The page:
Friday, July 18, 2014

"Required" reading

At the risk of sounding like the late Andy Rooney, I have a complaint.

In the mail last week I received this official-looking notice in the mail bearing the image of an eagle with olive branches in one talon and spears in the other. (Read: Oh, oh, it’s from the Feds! The bureaucracy alert!)

Next to said eagle are the letters EMS, which got me thinking “Emergency Management Service” or some such sink hole back in Washington (the letter actually said “Northbrook, Illinois” but stranger things have happened).

Sprinkled across the top next to the bird and the acronym were several official looking numbers of many digits and the word “Notice Date” followed by 06/30/14.

I received the notice on July 12, nearly two weeks after the date…but never mind. Timeliness is not a hallmark of government.

What really got my attention were the words (all caps and in bold type):


Just in case I missed the point, the very same words were repeated along with the date and the same 10-digit code.

NOTICE DATE: 06/30/14

I don’t know what the word “required” means to you, but to me it implies “or else….” As in "or else fines, incarceration, the rack, or the sacrifice of one’s first born."

I was not amused, but I DID read on.

The next words were ATTENTION followed by my name. That seemed redundant. The “required” bit was already a slap across the face.

With the next line of this ominous-sounding epistle, my Kafkaesque fear boiled to moral outrage.

“Our records indicate that you have not contacted us to have your vehicle service contract updated. Please call 1-866-424-3336. You are receiving this notice because your factory warranty will expire or may have already expired based on the mileage and age of your 2007 Toyota Prius.”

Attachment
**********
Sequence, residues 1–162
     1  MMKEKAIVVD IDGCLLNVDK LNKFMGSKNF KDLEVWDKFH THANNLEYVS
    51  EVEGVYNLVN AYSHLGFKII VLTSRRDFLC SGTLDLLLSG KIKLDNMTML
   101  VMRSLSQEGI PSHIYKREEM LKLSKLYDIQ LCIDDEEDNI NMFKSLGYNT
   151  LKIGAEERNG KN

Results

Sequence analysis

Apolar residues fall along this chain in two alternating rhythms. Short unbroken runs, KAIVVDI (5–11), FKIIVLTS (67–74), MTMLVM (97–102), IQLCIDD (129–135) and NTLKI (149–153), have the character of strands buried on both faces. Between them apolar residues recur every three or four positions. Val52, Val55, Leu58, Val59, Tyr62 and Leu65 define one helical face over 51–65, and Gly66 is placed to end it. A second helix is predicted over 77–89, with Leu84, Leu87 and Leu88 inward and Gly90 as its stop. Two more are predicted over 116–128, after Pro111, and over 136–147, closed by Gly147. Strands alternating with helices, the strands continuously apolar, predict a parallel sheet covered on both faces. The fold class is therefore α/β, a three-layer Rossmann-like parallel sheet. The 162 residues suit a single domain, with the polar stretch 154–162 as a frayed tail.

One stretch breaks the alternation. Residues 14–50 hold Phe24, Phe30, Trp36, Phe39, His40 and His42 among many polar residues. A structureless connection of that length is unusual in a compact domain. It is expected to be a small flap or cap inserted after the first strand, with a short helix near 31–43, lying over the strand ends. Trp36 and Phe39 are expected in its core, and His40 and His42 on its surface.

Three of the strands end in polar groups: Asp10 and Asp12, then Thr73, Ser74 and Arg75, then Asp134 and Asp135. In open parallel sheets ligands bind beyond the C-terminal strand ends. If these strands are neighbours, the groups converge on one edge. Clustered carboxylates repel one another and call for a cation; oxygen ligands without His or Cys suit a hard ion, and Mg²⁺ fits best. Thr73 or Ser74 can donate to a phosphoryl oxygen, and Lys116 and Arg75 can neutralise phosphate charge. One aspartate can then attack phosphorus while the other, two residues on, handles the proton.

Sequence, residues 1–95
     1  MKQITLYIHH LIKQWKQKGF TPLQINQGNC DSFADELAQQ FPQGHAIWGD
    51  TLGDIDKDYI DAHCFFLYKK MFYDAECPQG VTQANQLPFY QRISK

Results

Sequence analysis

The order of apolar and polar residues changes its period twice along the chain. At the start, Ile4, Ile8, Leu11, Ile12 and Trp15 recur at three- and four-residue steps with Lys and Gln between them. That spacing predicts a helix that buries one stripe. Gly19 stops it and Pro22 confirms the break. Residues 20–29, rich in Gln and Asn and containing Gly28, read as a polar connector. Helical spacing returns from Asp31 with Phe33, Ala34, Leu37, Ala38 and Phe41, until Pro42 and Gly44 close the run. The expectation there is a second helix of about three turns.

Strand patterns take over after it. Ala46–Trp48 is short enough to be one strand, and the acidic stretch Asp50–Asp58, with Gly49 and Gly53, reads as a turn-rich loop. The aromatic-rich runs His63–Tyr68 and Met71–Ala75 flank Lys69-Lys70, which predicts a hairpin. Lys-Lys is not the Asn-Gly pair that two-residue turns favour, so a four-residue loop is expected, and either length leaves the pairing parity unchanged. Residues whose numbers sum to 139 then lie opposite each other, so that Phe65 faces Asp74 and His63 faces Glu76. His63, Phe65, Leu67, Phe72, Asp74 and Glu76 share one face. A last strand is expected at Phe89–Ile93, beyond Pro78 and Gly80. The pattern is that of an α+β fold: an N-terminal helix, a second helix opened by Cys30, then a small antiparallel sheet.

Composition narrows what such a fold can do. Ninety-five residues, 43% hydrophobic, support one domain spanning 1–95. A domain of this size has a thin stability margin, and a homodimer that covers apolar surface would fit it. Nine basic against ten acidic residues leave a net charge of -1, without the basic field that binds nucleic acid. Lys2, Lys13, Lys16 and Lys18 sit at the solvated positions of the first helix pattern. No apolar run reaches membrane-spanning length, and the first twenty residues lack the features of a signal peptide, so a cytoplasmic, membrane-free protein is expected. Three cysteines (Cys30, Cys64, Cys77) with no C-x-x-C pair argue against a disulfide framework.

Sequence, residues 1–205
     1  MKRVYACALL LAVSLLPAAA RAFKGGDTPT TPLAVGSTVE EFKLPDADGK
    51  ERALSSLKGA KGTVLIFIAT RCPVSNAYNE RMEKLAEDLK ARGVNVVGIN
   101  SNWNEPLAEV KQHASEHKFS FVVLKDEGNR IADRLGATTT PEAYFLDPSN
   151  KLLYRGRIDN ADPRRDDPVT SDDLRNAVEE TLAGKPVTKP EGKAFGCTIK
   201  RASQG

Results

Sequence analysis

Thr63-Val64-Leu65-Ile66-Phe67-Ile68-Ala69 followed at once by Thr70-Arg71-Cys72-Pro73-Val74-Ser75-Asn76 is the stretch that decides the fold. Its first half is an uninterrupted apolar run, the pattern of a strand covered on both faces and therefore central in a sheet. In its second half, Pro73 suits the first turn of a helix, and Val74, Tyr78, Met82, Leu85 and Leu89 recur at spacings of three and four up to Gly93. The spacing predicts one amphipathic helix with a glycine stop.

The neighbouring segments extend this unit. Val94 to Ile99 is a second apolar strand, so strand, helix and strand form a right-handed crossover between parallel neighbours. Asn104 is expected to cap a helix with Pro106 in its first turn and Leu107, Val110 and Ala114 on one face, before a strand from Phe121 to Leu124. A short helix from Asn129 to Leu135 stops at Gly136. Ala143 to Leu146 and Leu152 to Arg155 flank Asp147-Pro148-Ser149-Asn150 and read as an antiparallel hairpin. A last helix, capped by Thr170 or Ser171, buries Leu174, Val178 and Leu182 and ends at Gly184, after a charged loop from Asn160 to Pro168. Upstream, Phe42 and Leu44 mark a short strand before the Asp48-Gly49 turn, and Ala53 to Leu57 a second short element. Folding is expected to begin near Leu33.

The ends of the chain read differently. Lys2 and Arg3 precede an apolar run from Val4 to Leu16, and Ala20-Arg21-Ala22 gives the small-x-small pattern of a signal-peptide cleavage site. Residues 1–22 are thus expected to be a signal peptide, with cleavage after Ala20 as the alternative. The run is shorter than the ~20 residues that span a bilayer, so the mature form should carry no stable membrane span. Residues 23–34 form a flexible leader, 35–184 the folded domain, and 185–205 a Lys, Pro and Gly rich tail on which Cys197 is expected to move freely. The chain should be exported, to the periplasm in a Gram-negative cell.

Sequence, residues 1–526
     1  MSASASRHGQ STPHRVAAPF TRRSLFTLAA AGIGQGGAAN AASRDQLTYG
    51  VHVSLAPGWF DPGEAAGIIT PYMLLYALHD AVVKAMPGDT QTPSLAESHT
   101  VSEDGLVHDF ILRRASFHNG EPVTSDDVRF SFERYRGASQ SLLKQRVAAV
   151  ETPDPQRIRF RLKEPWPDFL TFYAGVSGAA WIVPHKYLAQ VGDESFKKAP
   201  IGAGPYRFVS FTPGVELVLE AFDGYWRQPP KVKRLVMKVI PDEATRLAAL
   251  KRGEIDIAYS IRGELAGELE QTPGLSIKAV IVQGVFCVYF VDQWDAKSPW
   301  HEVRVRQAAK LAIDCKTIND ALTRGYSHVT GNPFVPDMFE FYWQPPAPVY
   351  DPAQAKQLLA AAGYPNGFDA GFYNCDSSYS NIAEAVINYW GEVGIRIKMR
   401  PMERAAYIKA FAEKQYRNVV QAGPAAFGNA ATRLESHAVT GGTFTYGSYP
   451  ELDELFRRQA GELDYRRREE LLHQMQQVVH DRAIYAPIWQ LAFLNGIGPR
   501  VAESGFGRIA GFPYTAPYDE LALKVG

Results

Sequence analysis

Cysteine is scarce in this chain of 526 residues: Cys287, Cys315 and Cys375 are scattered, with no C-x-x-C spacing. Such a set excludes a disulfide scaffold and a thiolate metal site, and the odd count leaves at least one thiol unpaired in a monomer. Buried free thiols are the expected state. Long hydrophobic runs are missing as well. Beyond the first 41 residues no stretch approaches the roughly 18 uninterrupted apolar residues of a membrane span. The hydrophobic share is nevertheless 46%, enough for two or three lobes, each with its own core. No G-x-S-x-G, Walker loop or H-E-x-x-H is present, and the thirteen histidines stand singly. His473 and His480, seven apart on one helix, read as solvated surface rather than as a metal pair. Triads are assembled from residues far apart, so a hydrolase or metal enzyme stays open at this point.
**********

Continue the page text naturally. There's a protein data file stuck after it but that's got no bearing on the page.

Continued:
Warranty? What warranty?

I bought my trusty Prius used with no warranty.

How can a warranty you don’t have, expire? And what’s all this “required” business. “Required” by whom? Just where does this EMS warranty-conjuring outfit get off “requiring” me to do anything.

I tried to be calm but dunning letters of this sort do test my blood pressure. The frail and unsuspecting might even die of fright.

This letter in trembling, infirm hands could be fatal.

I tried to relax before calling the number. I really did. It was the weekend and I got a recorded message.

With no actual human being to deal with, I took it upon myself to “require” the answering machine to hear me complain, well, RANT actually. “How dare you” etc. As I got into it, I used words like “outrageous,” “immoral,” "scam," “snake oil” etc.

I left my phone number insisting that someone call me to hear me explode in person.

Then I went on-line and searched this EMS outfit. Some folks had actually bought auto warranties and many were not pleased with the service they had received.

Are we surprised?

The Better Business Bureau had reported that, hey, no problem, we’ve looked into this.

Thanks a lot. I don’t know about the BBB, but I have a problem with letters masquerading as government documents and “requiring” me to buy a worthless insurance.

Next stop, the Federal Trade Commission, but I don’t hold out much hope. I’ll keep you informed.

A couple of notes:

Could this be a backhanded way of getting me to support Elizabeth Warren in 2016?

EMS never returned my call, which is probably just as well. I don’t think I could have taken it…nor could they.

As Rooney might say: “There ought to be a warranty against this sort of thing. Required!”

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